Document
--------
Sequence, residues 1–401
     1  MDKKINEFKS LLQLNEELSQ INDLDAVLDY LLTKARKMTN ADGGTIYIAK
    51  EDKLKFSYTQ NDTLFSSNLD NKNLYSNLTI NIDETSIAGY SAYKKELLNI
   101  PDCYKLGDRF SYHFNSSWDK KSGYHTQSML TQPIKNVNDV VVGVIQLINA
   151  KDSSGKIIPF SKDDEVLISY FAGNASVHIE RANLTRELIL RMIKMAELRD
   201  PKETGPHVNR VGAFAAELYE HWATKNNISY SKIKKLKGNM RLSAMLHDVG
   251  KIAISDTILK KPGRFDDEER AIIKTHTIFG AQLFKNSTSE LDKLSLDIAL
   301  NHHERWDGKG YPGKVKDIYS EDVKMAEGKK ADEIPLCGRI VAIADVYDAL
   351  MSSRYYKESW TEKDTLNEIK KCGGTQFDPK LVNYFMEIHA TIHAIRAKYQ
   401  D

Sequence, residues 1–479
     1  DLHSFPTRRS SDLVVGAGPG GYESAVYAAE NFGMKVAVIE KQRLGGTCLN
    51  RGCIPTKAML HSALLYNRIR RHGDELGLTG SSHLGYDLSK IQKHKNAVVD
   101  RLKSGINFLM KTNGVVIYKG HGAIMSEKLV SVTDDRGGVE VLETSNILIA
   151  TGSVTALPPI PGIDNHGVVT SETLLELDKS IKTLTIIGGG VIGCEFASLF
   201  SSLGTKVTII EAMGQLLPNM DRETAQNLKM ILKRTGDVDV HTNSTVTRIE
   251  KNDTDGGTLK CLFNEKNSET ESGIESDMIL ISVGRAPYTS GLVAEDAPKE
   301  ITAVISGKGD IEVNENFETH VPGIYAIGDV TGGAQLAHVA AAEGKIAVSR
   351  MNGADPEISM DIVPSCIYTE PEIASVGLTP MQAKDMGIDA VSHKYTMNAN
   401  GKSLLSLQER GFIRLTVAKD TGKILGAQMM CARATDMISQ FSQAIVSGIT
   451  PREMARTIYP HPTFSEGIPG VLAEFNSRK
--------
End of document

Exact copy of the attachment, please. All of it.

Sequence, residues 1–401
     1  MDKKINEFKS LLQLNEELSQ INDLDAVLDY LLTKARKMTN ADGGTIYIAK
    51  EDKLKFSYTQ NDTLFSSNLD NKNLYSNLTI NIDETSIAGY SAYKKELLNI
   101  PDCYKLGDRF SYHFNSSWDK KSGYHTQSML TQPIKNVNDV VVGVIQLINA
   151  KDSSGKIIPF SKDDEVLISY FAGNASVHIE RANLTRELIL RMIKMAELRD
   201  PKETGPHVNR VGAFAAELYE HWATKNNISY SKIKKLKGNM RLSAMLHDVG
   251  KIAISDTILK KPGRFDDEER AIIKTHTIFG AQLFKNSTSE LDKLSLDIAL
   301  NHHERWDGKG YPGKVKDIYS EDVKMAEGKK ADEIPLCGRI VAIADVYDAL
   351  MSSRYYKESW TEKDTLNEIK KCGGTQFDPK LVNYFMEIHA TIHAIRAKYQ
   401  D

Sequence, residues 1–479
     1  DLHSFPTRRS SDLVVGAGPG GYESAVYAAE NFGMKVAVIE KQRLGGTCLN
    51  RGCIPTKAML HSALLYNRIR RHGDELGLTG SSHLGYDLSK IQKHKNAVVD
   101  RLKSGINFLM KTNGVVIYKG HGAIMSEKLV SVTDDRGGVE VLETSNILIA
   151  TGSVTALPPI PGIDNHGVVT SETLLELDKS IKTLTIIGGG VIGCEFASLF
   201  SSLGTKVTII EAMGQLLPNM DRETAQNLKM ILKRTGDVDV HTNSTVTRIE
   251  KNDTDGGTLK CLFNEKNSET ESGIESDMIL ISVGRAPYTS GLVAEDAPKE
   301  ITAVISGKGD IEVNENFETH VPGIYAIGDV TGGAQLAHVA AAEGKIAVSR
   351  MNGADPEISM DIVPSCIYTE PEIASVGLTP MQAKDMGIDA VSHKYTMNAN
   401  GKSLLSLQER GFIRLTVAKD TGKILGAQMM CARATDMISQ FSQAIVSGIT
   451  PREMARTIYP HPTFSEGIPG VLAEFNSRK